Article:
Life Is Better with Clean Hands

We have all been washing our hands for a long time, but we may not have always washed them effectively. I’ve seen guys barely splash water on their hands, wipe their hands lightly on their shirt, and grab the door handle. That may actually be worse than not washing your hands at all because the damp hands may help germs grow and definitely helps them spread.

So, I wanted to see what the Centers for Disease Control (CDC) recommends. It turns out CDC has specific guidance for both how and when we should wash up.

This graphic provides a more detailed hand-washing procedure. Source Shutterstock.

Proper Hand Washing

The CDC recommends five simple steps to wash your hands:

  • Wet your hands under clean, running water. It can be warm or cold. For me, the hotter it is, the better.
  • Apply soap and lather. Get all of your hands—between the fingers, under the nails, the backs of your hands, around your thumbs, and all around your wrists.
  • Scrub thoroughly. The CDC suggests humming “Happy Birthday” twice to make sure you scrub for at least 20 seconds.
  • Rinse your hands well, again with clean, running water.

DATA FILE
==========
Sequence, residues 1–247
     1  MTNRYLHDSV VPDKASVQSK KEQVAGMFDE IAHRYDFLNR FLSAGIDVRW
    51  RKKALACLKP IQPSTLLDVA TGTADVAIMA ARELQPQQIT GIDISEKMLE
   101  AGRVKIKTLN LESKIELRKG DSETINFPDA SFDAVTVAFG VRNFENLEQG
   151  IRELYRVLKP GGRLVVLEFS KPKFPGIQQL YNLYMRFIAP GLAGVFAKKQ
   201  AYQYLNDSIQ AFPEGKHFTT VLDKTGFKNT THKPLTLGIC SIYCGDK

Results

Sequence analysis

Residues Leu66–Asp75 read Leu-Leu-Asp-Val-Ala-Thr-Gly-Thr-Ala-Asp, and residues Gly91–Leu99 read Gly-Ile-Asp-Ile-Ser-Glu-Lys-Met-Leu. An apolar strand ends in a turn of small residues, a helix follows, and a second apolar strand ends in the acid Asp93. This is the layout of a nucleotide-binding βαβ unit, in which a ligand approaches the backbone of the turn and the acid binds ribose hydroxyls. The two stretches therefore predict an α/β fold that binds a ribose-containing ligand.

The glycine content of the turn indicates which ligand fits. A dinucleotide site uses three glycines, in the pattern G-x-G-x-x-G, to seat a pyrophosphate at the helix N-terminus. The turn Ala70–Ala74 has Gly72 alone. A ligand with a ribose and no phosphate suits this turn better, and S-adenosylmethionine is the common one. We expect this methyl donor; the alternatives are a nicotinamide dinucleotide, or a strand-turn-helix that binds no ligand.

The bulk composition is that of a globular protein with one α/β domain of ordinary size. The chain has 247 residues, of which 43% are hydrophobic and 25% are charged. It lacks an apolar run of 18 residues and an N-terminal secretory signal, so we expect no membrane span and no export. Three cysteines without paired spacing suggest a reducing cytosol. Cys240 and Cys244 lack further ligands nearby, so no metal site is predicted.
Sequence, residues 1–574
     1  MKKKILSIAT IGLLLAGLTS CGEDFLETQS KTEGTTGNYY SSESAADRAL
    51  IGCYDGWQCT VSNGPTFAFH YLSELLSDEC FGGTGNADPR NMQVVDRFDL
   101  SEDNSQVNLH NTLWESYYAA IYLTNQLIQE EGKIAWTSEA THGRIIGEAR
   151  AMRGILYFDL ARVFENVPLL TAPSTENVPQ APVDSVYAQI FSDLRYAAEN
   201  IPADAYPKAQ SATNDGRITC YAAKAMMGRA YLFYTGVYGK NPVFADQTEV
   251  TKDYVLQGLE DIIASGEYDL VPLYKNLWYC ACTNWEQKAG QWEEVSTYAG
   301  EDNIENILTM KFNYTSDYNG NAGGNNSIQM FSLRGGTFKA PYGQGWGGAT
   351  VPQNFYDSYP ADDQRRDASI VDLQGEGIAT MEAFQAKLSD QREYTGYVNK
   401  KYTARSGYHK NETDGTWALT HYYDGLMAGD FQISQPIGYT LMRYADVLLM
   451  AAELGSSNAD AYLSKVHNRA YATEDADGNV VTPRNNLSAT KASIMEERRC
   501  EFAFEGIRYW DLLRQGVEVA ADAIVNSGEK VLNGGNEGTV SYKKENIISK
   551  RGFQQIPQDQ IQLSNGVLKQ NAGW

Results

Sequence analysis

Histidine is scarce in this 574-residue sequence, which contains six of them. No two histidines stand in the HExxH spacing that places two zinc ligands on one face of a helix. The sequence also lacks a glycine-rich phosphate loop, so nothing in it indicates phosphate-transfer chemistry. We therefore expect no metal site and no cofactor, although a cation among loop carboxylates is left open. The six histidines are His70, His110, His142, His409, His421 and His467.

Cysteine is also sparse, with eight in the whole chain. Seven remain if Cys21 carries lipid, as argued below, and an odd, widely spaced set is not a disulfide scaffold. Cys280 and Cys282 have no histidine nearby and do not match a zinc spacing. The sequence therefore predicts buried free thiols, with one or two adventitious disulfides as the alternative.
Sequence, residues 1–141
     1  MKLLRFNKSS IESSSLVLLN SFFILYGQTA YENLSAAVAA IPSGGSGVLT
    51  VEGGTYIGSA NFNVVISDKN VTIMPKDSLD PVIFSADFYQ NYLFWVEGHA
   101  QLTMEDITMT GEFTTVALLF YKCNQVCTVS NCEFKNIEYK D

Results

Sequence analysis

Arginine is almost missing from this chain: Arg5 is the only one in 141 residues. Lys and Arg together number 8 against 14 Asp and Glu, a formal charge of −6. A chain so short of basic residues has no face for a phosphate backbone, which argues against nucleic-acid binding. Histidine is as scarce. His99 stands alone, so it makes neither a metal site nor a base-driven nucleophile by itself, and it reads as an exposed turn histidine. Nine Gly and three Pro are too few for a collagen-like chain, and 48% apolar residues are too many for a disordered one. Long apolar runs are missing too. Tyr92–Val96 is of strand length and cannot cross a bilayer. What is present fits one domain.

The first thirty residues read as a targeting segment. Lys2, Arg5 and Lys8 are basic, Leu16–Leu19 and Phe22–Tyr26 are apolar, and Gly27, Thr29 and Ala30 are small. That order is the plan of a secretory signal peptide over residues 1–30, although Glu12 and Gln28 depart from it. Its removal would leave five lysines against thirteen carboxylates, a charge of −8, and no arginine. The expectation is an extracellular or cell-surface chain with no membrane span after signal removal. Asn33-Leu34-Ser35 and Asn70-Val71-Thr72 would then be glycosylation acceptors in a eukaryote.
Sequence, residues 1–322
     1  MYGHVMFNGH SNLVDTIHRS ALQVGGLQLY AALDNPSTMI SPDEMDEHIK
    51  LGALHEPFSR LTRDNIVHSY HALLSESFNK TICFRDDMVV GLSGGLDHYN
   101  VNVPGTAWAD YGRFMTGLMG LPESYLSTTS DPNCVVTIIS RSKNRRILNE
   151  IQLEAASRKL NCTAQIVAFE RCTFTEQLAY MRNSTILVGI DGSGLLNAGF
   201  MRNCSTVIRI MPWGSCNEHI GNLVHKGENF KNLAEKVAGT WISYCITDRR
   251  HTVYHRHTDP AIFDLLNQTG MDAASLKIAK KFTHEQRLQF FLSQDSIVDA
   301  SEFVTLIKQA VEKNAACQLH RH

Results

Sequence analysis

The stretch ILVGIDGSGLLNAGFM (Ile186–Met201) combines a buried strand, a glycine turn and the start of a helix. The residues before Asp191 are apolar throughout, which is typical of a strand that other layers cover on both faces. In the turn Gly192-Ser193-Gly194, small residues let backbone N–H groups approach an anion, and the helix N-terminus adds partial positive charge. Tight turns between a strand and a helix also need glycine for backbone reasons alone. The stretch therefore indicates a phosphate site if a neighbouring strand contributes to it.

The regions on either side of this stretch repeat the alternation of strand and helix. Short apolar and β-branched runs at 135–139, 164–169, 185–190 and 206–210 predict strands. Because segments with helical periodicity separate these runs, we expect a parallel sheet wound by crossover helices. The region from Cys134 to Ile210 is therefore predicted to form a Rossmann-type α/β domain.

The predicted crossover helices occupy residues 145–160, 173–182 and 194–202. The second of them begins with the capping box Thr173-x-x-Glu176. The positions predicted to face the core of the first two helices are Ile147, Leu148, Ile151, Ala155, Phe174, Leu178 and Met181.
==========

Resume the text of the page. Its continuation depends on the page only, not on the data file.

• Dry your hands completely with a clean towel or air dryer.

What About Sanitizers?

If you don’t have access to clean, running water, soap, and towels, hand sanitizers are better than nothing, but they are not as effective as simply cleaning your hands. Sanitizers don’t kill all kinds of germs. They are much less effective when your hands are really dirty or greasy, and they don’t remove harmful chemicals that can get on your hands as part of daily life.

The CDC is rolling out a new program: “Life is Better with Clean Hands.”
Source CDC

When to Wash

We all know you should wash up before you start preparing food. But the CDC also recommends washing up several times while you’re cooking, like after touching raw meat or when changing the types of food you’re working with.

You should also wash up:

  • After using the bathroom (and before if you’re a mechanic)
  • Before meals
  • After caring for someone who is sick
  • Before and after treating a cut, wound, or burn
  • After blowing your nose, sneezing, or coughing
  • After touching an animal, its food, or its waste
  • After touching garbage


A screenshot of a cell phone

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This graphic provides a more detailed handwashing procedure.

Source: Shutterstock

The CDC is rolling out a new program: “Life is Better with Clean Hands.”

Source CDC